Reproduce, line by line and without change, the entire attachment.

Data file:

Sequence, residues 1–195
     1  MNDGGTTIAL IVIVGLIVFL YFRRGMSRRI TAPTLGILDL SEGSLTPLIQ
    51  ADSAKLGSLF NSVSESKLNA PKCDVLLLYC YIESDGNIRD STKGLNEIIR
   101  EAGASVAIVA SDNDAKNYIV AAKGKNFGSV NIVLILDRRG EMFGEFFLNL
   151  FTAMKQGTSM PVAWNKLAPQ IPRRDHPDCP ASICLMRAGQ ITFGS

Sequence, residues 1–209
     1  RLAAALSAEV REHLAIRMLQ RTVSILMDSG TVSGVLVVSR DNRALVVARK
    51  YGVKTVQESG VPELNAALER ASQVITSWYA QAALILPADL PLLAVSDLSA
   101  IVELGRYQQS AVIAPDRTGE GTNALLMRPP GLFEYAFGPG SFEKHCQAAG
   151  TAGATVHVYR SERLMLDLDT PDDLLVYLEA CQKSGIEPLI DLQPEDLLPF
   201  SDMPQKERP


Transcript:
Sequence, residues 1–195
     1  MNDGGTTIAL IVIVGLIVFL YFRRGMSRRI TAPTLGILDL SEGSLTPLIQ
    51  ADSAKLGSLF NSVSESKLNA PKCDVLLLYC YIESDGNIRD STKGLNEIIR
   101  EAGASVAIVA SDNDAKNYIV AAKGKNFGSV NIVLILDRRG EMFGEFFLNL
   151  FTAMKQGTSM PVAWNKLAPQ IPRRDHPDCP ASICLMRAGQ ITFGS

Sequence, residues 1–209
     1  RLAAALSAEV REHLAIRMLQ RTVSILMDSG TVSGVLVVSR DNRALVVARK
    51  YGVKTVQESG VPELNAALER ASQVITSWYA QAALILPADL PLLAVSDLSA
   101  IVELGRYQQS AVIAPDRTGE GTNALLMRPP GLFEYAFGPG SFEKHCQAAG
   151  TAGATVHVYR SERLMLDLDT PDDLLVYLEA CQKSGIEPLI DLQPEDLLPF
   201  SDMPQKERP